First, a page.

Top 5 Features to Look for in a High-Quality Refrigerated Incubator
Refrigerated incubators keep samples at a constant cold temperature to promote or prevent growth in cells and tissue cultures. They’re perfect for plant and insect germination, bacteria culturing, BOD testing, and other low-temperature work.
Look for a refrigerated incubator with rounded interior surfaces that make sterilization easier. Also, choose one with observation windows and forced air convection, which optimize heat transfer and reduce temperature fluctuations.
A quality lab incubator will have temperature sensors that ensure accurate and consistent readings. This is particularly important if you plan to incubate reptile eggs or other species that require exact temperatures.
Look for a digital on/off thermostat with slightly better accuracy than analog units. Some incubators even offer a pulse-proportional thermostat that automatically adjusts to changes in ambient temperature.
Moreover, a high-quality refrigerated incubator is essential for precise and consistent temperature-controlled environments, ensuring optimal scientific research and experimentation conditions.
It’s also a good idea to have a high-quality hygrometer. Hygrometers allow you to monitor humidity levels to maintain a healthy environment for your culture. While many hygrometers are digital, you can also find affordable analog models to do the job. Just make sure your hygrometer is easy to read and has a fast response time. This will reduce the time you’ll spend opening and closing the incubator.
Humidity control is the ability to control the air’s moisture. Humidity significantly impacts everything from wood rot, viruses, mold, mildew, radon production, and how hot or cold you feel in the house.
To control humidity, you can use a dehumidifier to remove moisture from the air or a humidifier to add water. There are also whole-home humidity control systems that can be integrated into your home’s HVAC system to monitor & automatically adjust your relative humidity level.
Using a digital thermometer/hygrometer combo is another inexpensive option for monitoring conditions in your incubator. Most models even keep track of high & low temperatures, which can be helpful. For the DIYers, heat tape is a quick & affordable way to control humidity, although you will need to drill holes to attach it to your egg containers & incubator.
Incubators that have a large observation window make it easy to keep an eye on your samples. Incubators without windows often require you to open the door periodically for oxygen and carbon dioxide exchange, disrupting the incubator’s temperature stability. To avoid this issue, look for an incubator with a transparent door or a clear plastic cover.Add New Post
Some advanced incubators come with a fan that steadily circulates warmed air, known as forced air. This eliminates hot or cold spots within the incubator, which can cause fertilized eggs to hatch unevenly.
Some incubators have a separate heat-only chamber that lets you control the temperature and humidity with one unit. This is useful for applications like growing tortoise eggs, where a high degree of moisture is required.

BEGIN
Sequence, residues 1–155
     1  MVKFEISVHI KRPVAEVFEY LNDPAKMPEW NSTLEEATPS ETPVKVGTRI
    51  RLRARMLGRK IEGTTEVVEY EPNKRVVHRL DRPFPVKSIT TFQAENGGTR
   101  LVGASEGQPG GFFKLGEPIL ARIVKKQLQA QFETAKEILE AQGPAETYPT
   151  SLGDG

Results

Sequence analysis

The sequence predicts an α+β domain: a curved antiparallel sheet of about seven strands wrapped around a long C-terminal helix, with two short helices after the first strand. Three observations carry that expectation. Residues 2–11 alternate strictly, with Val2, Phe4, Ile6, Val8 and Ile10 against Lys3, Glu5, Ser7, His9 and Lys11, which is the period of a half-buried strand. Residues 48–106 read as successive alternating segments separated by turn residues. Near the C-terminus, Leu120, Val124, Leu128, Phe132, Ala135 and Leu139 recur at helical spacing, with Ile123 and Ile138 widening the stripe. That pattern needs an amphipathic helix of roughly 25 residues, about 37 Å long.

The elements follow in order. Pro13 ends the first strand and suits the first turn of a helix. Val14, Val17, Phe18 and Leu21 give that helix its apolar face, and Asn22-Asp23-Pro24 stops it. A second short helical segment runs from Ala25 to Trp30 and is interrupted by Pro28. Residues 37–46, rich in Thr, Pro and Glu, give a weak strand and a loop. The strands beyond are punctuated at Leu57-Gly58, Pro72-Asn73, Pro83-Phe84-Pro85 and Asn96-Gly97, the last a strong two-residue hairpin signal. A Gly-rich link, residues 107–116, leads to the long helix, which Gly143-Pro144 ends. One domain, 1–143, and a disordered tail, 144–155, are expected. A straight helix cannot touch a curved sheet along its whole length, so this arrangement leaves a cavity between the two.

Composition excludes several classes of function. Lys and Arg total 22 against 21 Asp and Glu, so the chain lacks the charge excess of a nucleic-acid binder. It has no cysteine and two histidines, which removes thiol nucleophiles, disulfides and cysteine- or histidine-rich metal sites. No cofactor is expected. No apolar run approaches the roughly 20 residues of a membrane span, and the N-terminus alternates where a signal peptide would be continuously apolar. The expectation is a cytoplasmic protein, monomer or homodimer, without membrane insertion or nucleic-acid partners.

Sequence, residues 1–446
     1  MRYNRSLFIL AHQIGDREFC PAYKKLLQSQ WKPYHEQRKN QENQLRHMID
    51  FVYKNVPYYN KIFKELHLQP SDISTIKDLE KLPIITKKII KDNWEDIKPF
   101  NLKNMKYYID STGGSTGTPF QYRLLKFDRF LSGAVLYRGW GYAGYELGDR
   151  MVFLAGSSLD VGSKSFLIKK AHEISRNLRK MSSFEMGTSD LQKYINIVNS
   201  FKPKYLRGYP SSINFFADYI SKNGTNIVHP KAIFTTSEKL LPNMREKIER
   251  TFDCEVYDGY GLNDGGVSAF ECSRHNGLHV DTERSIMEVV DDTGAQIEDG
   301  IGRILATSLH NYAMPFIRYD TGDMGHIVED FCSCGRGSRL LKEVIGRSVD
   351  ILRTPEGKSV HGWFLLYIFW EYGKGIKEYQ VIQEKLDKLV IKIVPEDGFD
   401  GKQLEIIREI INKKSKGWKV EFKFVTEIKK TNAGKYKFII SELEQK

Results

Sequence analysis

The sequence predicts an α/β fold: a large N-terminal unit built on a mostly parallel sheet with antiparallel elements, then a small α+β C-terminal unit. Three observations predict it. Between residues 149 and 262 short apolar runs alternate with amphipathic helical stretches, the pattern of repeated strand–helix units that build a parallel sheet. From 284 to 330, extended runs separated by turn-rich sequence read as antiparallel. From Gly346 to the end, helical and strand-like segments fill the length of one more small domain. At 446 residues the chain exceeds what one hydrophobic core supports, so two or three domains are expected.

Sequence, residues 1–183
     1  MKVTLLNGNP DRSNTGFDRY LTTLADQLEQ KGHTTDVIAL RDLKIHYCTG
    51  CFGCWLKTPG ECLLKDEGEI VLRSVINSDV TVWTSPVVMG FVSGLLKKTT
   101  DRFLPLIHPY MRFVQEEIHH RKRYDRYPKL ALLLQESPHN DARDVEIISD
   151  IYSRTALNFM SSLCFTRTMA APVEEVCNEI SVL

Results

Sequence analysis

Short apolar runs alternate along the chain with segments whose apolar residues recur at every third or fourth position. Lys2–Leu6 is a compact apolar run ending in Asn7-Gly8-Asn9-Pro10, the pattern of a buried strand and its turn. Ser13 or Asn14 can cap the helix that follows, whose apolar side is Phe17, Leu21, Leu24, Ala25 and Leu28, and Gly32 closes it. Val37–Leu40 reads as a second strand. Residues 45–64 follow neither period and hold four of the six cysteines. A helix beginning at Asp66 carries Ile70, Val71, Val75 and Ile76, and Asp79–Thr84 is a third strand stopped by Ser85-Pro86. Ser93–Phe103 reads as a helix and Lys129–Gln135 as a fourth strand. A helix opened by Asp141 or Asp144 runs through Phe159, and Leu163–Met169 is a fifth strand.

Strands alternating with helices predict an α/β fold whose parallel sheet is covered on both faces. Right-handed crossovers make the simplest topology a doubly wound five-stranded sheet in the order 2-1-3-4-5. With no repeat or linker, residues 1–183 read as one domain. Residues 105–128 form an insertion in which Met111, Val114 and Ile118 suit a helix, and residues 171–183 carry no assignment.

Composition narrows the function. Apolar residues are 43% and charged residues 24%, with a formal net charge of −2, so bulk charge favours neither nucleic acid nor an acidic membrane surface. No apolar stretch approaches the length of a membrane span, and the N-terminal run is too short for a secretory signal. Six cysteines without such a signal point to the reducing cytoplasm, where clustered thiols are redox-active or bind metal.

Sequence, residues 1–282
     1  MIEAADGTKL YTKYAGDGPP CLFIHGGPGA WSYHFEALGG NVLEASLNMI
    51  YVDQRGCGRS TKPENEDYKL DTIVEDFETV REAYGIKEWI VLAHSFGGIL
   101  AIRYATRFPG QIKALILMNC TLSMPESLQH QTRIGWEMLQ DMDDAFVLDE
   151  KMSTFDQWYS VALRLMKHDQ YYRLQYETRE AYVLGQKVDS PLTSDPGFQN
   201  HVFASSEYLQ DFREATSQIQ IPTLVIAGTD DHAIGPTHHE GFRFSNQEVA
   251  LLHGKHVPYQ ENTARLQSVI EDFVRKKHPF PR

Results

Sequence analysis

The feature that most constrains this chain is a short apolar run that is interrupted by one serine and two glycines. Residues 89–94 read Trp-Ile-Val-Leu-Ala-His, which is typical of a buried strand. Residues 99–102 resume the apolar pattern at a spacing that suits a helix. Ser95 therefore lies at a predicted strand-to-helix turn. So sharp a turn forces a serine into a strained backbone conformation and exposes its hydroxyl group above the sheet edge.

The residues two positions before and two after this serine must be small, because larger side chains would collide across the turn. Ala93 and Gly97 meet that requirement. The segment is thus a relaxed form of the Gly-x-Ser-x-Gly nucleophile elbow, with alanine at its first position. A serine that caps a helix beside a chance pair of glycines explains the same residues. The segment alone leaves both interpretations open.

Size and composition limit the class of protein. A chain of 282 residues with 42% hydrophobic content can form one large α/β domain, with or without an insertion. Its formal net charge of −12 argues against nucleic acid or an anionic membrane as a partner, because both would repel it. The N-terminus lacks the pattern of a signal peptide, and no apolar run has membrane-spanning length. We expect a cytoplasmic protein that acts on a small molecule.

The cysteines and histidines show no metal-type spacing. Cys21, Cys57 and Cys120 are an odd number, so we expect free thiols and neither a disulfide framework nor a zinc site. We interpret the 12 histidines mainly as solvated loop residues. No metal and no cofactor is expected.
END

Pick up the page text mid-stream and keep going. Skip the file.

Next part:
Forced Air Convection
Incubator manufacturers utilize different methods for preventing airflow around containers inside the incubator. Some rely on natural convection, which involves fluid movement due to temperature and density gradients.
Others use forced convection, which requires artificially induced fluid movement through fans or pumps. Both methods help maintain a more even temperature throughout the entire incubator.
In addition, a well-sealed incubator prevents cold spots from forming, making it much easier to get a good reading from the thermostat’s dial. This can be done by coating the outside of the container in aquarium-grade silicone.
In addition, this science incubator provides a controlled setting for nurturing experiments and research, fostering an environment conducive to scientific exploration and discovery.
Laboratory incubators (chilling incubators) are vital in conducting BOD determinations, biochemical oxygen demand tests, and other water pollution testing. They can also be used for bacterial culturing and other laboratory research applications.
Insulation is vital to keeping a consistent temperature in any incubator. We’ve seen people use plastic fine chicken fencing, dish racks & even those little metal wire shoe organizers to help keep the heat in a refrigerator incubator. We recommend a full-coverage polyurethane insulation for best results.
Programmable refrigerated incubators provide a broad temperature range control with superior chamber uniformity. This is perfect for food & beverage quality assurance testing, fermentation, microorganism cultures & more.
Microprocessor-controlled PID heater with compressor on/off system enables precision temperature control, while fan circulation optimizes temperature uniformity. Alarms for power failure, sensor error & door ajar prevent loss of samples. These models have a built-in backup battery to display the temperature and operate the audible alarms for up to 72 hours in case of a power outage.